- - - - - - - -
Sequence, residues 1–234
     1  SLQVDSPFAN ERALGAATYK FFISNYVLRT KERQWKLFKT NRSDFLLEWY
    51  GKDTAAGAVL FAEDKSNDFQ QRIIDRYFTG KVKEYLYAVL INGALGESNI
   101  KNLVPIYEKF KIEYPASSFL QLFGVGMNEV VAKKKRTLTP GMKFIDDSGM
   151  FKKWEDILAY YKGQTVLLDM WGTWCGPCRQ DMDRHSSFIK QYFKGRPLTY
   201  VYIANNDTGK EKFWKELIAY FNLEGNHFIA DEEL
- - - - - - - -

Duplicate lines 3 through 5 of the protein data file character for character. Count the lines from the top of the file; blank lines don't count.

    51  GKDTAAGAVL FAEDKSNDFQ QRIIDRYFTG KVKEYLYAVL INGALGESNI
   101  KNLVPIYEKF KIEYPASSFL QLFGVGMNEV VAKKKRTLTP GMKFIDDSGM
   151  FKKWEDILAY YKGQTVLLDM WGTWCGPCRQ DMDRHSSFIK QYFKGRPLTY